Will Financial Reform End Big Bank Bailouts?

Article excerpt

Lawmakers are pledging to end bailouts in the financial reform bill that the Senate is considering now. But many experts say bank bailouts can and will occur again.

"Orderly liquidation." The words appear prominently in financial reform bills to overhaul the way the US government will regulate America's financial system in the aftermath of a near-meltdown in late 2008.

The idea is that if a large firm gets into trouble in the future, it can't expect any generous taxpayer bailouts, as happened at American International Group (AIG) and other firms. Rather, if a large bank takes big risks that go awry, regulators will preside over its dismemberment with steely resolve.

That, at least, is the simple message lawmakers say they want to send with legislation that's moving into its second week of Senate floor debate.

President Obama, too, has been pledging an end to bailouts. "That's what this reform does," he said recently of the Senate bill.

But regulating the vast financial system is anything but simple, and many experts say bank bailouts can and will occur again, even if Mr. Obama ends up signing a reform bill by midyear.

A basic problem lies in that phrase, "orderly liquidation." In the heat of a financial crisis, that's something very hard to do with a large and interconnected financial firm on the brink of failure.

Orderly liquidation is exactly what did not occur in 2008. During the crisis, most tottering firms - from sprawling Citigroup to insurance giant AIG - received some form of government backing. Then, when Lehman Brothers didn't get a government bailout, credit markets quickly spiraled down toward what could have become a broad and catastrophic collapse. To restore stability, Congress held its nose and created a $700 billion rescue fund.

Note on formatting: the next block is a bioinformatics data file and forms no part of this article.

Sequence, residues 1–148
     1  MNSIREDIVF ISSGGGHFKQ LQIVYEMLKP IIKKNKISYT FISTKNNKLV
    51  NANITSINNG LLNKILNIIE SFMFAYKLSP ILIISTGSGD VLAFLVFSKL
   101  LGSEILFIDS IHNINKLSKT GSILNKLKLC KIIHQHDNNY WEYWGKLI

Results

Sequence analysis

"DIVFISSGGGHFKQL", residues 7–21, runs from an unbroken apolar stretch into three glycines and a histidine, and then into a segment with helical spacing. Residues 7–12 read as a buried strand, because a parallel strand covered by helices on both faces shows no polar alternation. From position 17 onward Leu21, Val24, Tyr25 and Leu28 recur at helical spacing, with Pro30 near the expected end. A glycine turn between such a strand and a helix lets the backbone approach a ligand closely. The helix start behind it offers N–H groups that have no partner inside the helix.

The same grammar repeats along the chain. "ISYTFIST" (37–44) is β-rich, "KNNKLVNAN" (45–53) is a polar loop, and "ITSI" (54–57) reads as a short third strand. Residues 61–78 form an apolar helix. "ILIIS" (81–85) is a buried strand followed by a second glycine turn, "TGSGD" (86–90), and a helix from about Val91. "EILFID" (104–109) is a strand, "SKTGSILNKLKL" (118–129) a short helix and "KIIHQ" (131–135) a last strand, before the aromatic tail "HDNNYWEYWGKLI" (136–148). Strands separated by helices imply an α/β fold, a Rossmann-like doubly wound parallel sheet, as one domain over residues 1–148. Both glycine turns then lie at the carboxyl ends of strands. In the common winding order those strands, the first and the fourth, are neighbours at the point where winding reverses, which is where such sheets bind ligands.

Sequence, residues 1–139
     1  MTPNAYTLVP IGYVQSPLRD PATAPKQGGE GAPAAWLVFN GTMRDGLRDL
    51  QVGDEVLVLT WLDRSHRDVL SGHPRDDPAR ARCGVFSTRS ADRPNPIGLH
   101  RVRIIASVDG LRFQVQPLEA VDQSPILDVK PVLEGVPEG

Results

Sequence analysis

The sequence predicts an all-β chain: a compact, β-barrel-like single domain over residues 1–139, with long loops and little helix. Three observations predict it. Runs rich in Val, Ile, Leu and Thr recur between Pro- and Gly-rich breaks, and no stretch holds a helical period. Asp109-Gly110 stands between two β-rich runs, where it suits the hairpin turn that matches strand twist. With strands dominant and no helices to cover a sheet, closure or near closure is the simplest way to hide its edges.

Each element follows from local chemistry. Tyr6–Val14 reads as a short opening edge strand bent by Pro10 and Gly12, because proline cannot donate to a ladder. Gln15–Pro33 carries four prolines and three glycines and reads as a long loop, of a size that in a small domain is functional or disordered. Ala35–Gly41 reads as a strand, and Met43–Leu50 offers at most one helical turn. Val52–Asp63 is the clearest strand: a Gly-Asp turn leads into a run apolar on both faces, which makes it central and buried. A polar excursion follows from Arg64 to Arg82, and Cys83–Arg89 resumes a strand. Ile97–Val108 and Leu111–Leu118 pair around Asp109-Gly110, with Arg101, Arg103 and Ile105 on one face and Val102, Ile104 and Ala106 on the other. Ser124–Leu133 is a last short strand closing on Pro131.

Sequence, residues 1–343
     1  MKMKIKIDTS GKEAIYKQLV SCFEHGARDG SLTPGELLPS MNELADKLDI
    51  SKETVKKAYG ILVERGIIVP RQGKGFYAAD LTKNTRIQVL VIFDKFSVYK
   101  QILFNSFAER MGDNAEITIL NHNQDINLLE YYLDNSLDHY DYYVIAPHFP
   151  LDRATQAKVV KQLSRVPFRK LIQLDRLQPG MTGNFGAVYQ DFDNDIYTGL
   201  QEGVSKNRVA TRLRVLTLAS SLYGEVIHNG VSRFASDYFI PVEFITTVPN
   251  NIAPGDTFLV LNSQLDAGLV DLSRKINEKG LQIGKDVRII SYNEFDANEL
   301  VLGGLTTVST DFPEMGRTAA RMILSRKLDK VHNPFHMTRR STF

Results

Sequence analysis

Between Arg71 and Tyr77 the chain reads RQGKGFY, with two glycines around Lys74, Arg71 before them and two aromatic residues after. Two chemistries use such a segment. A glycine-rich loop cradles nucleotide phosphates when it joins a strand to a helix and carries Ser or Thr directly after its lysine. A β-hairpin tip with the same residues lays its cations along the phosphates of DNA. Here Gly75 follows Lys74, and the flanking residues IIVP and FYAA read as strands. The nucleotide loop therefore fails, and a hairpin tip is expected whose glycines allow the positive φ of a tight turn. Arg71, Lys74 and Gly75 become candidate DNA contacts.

For regulators and Congress, propping up the economy trumped a distaste for bailouts.

"In a crisis, they'll do the same thing again," predicts Peter Nigro, a finance expert at Bryant University in Smithfield, R.I.

No outright ban on bailouts

The bills in the House (already passed) and Senate (in progress) include tough language designed to make bailouts both less common and less generous in the future.

But some critics of the legislation say it will fail to end bailouts, and that this is a bad thing. The real problem during 2008, they say, was not that Lehman wasn't rescued but that investors had come to expect government aid rather than insisting upon caution and discipline in financial activities. The proposed bills will perpetuate this problem, these critics warn.

At the other end of the spectrum, some economists say the opposite: The law may succeed at preventing bailouts - and that this is a bad thing. You don't want to tie regulators' hands in a crisis or possibly make a crisis worse by moving to dismantle large firms.

A middle view is that the legislation strikes a reasonable balance. These financial experts say the bill puts investors in failing firms on notice that they will bear losses when a firm gets in trouble, while also giving regulators the flexibility to contain any economic ripple effects from a firm's failure.

"A lot of the discussion has been overly simplistic," says Dean Baker of the liberal Center for Economic Policy and Research in Washington. For all the talk about the need to end bailouts, he says, the bills still give "relatively open-ended authority" to government officials in a crisis. "I'm not upset that they have that option," he says.

In the 2008 crisis, the recession might have become much worse without the safety net provided by that $700 billion Troubled Asset Relief Program and extraordinary Federal Reserve lending activities, for example.

In this light, the question of "bailouts" versus "liquidation" is not just one of fairness to taxpayers. The larger question - the issue that's -fueling the drive for financial reform - is how to protect the economy from financial crises. …

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